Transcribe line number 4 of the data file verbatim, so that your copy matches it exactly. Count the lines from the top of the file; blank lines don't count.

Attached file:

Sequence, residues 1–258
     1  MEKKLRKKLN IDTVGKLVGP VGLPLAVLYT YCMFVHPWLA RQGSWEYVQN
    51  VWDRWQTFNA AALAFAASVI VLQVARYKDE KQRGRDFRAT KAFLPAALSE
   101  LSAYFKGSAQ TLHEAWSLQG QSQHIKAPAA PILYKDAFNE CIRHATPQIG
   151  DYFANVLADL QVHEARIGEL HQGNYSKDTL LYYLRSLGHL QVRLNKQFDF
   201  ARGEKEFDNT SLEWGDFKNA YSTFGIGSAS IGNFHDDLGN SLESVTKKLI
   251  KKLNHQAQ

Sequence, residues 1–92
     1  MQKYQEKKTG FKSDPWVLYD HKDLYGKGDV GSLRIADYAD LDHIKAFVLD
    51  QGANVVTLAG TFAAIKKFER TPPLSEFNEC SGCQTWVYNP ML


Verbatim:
   101  LSAYFKGSAQ TLHEAWSLQG QSQHIKAPAA PILYKDAFNE CIRHATPQIG